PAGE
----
On January 1, 2020, the Department of Labor’s final rule that raises the salary threshold requirement for overtime exemption took effect.

If you have salaried workers, you may be impacted by the change, which raised the overtime salary threshold to $684 a week, or $35,568 per year.

Here’s an in-depth look at the new overtime rule for 2020, and a few steps on how to adapt. 

Remember this is not official legal advice. If you have any concerns, it’s best to consult an employment lawyer. 

What was the salary threshold for overtime in 2019?

The FLSA requires all employers to give eligible (or “non-exempt”) workers at least the minimum wage for hours worked. If they work more than 40 hours a week, they must be paid at least minimum wage and overtime pay for any extra hours. 

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The previous overtime rule stipulated that the pay threshold was at $455 per week, or $23,660 per year. This means that anyone who made this amount of money (or less) needed to be paid overtime wages if they worked more than 40 hours per week. 

Who is “exempt” from overtime payments?

Federal law considers all employees “non-exempt” from overtime pay unless they meet certain requirements. Generally, workers who are “exempt” from overtime pay are executive, administrative, professional, computer and outside sales employees. 

The FLSA gives three tests—all of which an employee must pass—to determine whether or not a worker is eligible for overtime pay: 

    1. Salary-level test: If an administrative, professional, executive, or professional computer employee’s weekly salary meets the minimum requirement—which is $455 per week until January 1—they are exempt from overtime pay.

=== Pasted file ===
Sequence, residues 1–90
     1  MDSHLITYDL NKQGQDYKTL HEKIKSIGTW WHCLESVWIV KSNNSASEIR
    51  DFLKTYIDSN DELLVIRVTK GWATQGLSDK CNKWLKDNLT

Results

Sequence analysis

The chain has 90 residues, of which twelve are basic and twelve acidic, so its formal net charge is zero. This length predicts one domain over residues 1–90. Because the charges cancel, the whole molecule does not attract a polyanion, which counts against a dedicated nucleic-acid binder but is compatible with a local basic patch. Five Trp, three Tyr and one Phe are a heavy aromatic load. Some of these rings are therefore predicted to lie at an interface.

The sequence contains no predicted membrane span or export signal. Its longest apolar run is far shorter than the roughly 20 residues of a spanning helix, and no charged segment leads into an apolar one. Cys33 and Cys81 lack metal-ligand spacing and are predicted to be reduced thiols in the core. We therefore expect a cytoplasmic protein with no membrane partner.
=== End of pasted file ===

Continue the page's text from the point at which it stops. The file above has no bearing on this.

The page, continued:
2. Salary-basis test: The employee must be paid a fixed salary that cannot go up or down based on the quantity—or quality—of their work. 
    3. Duties test: The employee’s work duties must be considered executive, administrative, or professional duties in nature. 

What kind of duties satisfy the third test? 

  • Employees with executive duties manage an enterprise, a department, or a subdivision of an enterprise. They also regularly direct at least two employees’ work and either have the authority to hire or fire or are able to suggest or recommend doing so. 
  • Employees with administrative duties primarily perform office or non-manual work directly related to business operations of the employer or the employer’s customers. To be considered exempt, their primary duties must include using discretion and independent judgment when it comes to significant matters. 
  • If an employee has professional duties, their work requires an advanced knowledge in a certain type of field that is the result of specialized instruction or study. Or, they must be skilled in highly specialized fields such as computer analytics or engineering. 

How are overtime laws changing in 2020?

The U.S. Department of Labor announced their long-awaited update on the overtime rule in September of 2020. The new overtime rule means that 1.3 million workers who did not previously have overtime eligibility will now be non-exempt.